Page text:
Since it tends to be associated with the shaga- delic 1970s, it is hard to believe the lava lamp is celebrating its 40th birthday. But although it seems somewhat younger, the ultimate retro “light entertainment” gadget has lived life at the sharp end - first as a mass-market pop icon, then as a tired old has-been, and later as a modern classic (a designation bestowed on it by the British Design Council in July 2000).
Today there is a lava lamp on a permanent exhibit in the Smithsonian museum, Washington, D.C., as well as a growing trade in vintage lamps as demonstrated by America’s online fanzine, “I’m looking for an Aztec with Sun Gold lava,” writes one subscriber. “I have 64 lamps - including 31 Midnights and 16 Centurys,” boasts another. Still, life for the cosmic kitsch object was not always thus.
Originally called the Astro Lamp and fathered by Edward Craven-Walker, a naturist and inventor from Dorset, the creation of colored globs of oozing wax suspended in water (mixed with a cocktail of “secret ingredients”) and encased in an illuminated glass tube was launched in 1963 and became an instant hit; sales ran into the millions.
The seeds of cult status were sown early, with the product taking cameo roles in popular 1960s television programs such as The Prisoner, Dr. Who, and The Avengers. Sales peaked in 1973, when the cosmic glow of ambient light made the perfect accessory for orange shag pile and mind-expanding drugs.
U.S. rights were purchased in 1965, by the Chicago-based Lava Manufacturing Company (now Lava World), which launched an equally successful range of “motion lamps,” including the classic Lava Lite. The lamp has never been out of production on either side of the Atlantic, but it faded into obscurity in the 1980s.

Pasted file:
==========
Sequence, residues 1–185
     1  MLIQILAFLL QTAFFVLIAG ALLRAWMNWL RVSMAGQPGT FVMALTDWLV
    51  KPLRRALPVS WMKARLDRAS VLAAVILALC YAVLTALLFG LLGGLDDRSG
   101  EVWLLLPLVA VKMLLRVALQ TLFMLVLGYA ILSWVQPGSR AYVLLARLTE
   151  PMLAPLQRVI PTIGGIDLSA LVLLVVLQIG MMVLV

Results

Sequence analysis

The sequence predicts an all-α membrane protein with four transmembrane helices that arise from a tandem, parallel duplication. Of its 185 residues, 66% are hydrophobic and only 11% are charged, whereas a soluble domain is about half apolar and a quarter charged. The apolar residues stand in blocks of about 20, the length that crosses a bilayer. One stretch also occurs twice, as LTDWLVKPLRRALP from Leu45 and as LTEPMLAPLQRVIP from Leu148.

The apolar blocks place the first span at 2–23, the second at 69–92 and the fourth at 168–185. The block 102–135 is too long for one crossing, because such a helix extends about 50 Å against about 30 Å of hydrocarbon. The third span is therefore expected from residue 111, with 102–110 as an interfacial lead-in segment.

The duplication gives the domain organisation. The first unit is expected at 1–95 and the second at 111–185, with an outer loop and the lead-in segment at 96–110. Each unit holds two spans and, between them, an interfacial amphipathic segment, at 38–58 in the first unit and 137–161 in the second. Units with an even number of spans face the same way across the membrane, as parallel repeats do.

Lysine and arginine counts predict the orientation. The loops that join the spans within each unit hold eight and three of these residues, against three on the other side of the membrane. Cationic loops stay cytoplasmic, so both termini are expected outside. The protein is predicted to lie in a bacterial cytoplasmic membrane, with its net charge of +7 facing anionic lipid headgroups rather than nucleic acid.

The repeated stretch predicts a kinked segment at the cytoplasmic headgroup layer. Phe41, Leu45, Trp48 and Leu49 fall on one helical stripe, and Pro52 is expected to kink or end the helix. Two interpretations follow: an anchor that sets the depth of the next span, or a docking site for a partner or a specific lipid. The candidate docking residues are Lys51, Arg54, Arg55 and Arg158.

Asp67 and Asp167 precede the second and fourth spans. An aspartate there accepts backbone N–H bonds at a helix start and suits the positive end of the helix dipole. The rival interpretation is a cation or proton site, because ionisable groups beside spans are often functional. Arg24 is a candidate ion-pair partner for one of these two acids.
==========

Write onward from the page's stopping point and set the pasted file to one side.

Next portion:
Then, in the 1990s, young entrepreneur Cressida Granger bought Craven-Walker’s Poole-based company, Crestwell Ltd., renamed it (after the bubbling force in the 1960s sci-fi movie Barbarella) and rebranded the lava lamp to appeal to a new generation of young buyers. In the last years of the 20th century, more lamps were sold than ever before.
Though they are rarely worth much more than £100 ($170), collectors now seek out vintage lamps, such as early Crestwell models, the Astro Baby (1966), the Jet and the Galaxy (1972), as well as later-generation, landmark editions - the rocket-shaped Telstar (1993), or the more recent Fluidium, a 21st century take an the original Astro designed by Ross Lovegrove.
The early Consort and Continental models, and the Lava Coach Lantern are popular with American “lava junkies”. America celebrated 35 years of “lava lite” in 2000, with a $3,500 limited edition “megalamp,” consisting of a 5 foot glass sheath containing 10 gallons of goo. And in Britain, Mathmos has just released a 40th anniversary range of lava-free techno lamps including the sound-activated, mood-changing Tuba. Will this become a cult classic, too?
Perhaps, but history shows you need to be prepared to endure a decade of fashion oblivion before they become collectable.